When Taiwan’s President Tsai Ing-wen announced the New Southbound Policy aimed at reinvigorating and expanding ties with Southeast Asia and South Asia in 2016, some domestic audiences saw this as no more than “old wine in a new bottle,” a mere replica of previous administrations’ “Go South” policies. However, after two years in action, the New Southbound Policy has now proved itself to be, in CSIS China Power Project Director Bonnie Glaser’s words, “more strategic and comprehensive” than any previous Taiwanese policies toward Asia.
Taipei’s Newborn Diplomatic Activeness
When a senior former U.S. diplomat visited Taiwan earlier this year, he noted privately to the Taiwanese that in contrast with the island’s “self-pitying” in the 1990s, Taiwan’s diplomacy has become much more active now with the New Southbound Policy. Taiwan is now vigorously using its strengths as a technological innovation powerhouse and progressive liberal democracy to present an alternative Asian developmental experience toward its neighboring countries, many whom have gradually become cautious of the potential downsides of the “Chinese Model.”Enjoying this article? Click here to subscribe for full access. Just $5 a month.
Taiwan is well positioned to contribute economically. The island has recently been ranked by World Economic Forum (WEF)‘s Global Competitiveness Report 2018 as the fourth best performer on global competitiveness in the Asia-Pacific and 13th worldwide, ranking ahead of Australia (14th), South Korea (15th), New Zealand (18th), and China (28th). It also ranks fourth globally in innovation capability, and was listed as one of only four “super innovators” along Western countries Germany, the United States, and Switzerland. These outstanding ranking performances validate Taiwan’s often underestimated importance as the world’s 22nd largest economy, while Taiwan also controls the fifth largest holding of foreign exchange reserves globally.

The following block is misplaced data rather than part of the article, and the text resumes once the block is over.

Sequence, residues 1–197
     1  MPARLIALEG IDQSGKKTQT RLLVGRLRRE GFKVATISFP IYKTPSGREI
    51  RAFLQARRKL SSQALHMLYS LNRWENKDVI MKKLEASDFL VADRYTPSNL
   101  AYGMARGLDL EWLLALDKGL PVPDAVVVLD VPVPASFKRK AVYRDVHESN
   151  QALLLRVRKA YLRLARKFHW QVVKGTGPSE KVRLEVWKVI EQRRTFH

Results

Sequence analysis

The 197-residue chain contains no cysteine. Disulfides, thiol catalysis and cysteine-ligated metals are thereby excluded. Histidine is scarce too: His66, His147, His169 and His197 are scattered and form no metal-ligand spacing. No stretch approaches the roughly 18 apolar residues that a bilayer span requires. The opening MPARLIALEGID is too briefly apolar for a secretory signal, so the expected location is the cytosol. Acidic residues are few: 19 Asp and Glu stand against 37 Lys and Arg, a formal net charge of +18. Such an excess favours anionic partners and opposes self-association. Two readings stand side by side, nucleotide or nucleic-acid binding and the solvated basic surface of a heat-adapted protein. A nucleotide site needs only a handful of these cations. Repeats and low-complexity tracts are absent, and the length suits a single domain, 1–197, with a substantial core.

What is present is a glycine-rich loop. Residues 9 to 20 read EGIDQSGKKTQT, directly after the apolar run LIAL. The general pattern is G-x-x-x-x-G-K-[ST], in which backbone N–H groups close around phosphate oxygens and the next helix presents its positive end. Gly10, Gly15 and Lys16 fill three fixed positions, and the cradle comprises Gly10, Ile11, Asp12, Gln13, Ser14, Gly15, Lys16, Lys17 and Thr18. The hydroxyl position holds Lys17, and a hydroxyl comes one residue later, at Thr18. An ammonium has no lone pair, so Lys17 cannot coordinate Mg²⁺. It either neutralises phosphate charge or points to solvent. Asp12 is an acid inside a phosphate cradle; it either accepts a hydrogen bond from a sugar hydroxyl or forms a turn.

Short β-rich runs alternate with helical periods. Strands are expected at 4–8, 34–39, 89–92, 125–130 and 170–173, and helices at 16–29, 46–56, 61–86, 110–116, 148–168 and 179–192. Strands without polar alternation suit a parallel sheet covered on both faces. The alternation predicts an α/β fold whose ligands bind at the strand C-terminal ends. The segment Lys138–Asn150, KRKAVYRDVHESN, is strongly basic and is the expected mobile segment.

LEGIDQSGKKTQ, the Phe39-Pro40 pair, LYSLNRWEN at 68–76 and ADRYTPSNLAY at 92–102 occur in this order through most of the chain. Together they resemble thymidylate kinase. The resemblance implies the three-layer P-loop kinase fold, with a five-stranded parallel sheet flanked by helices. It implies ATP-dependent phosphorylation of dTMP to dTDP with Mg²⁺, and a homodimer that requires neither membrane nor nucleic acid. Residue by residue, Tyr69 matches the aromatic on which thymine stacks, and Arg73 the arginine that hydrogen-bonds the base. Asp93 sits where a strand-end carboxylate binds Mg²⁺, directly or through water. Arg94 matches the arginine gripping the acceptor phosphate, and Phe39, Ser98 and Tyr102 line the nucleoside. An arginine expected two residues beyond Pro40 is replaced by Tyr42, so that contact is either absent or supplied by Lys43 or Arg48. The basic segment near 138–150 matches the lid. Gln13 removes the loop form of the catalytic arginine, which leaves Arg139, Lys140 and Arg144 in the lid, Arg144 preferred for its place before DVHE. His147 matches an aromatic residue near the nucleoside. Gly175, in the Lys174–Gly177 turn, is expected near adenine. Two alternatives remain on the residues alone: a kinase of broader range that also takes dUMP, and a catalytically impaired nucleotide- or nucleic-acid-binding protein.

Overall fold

Against China’s increasing aggressiveness in the Asia-Pacific region, Taiwan is finally retaking the initiative to actively counteract Beijing’s moves with its own strengths and most importantly, its own socially progressive regional vision.
The master plan of this regional vision, the New Southbound Policy, encompasses fields as diverse as talent training, public health, agriculture, technology, culture and arts, trade, and nontraditional security, seeking to produce mutually beneficial cooperation between Taiwan and Southeast Asia, South Asia, Australia, and New Zealand. Cooperation, not competitiveness, stands at the core of the New Southbound Policy. The policy also stresses “people-centered” as its most important principle, seeking to dialogue with ASEAN, which has long-stated similar beliefs. The idea is to strengthen Taiwan’s indispensability in the region, while also embedding and finding Taiwan’s niche within regional socioeconomic trends.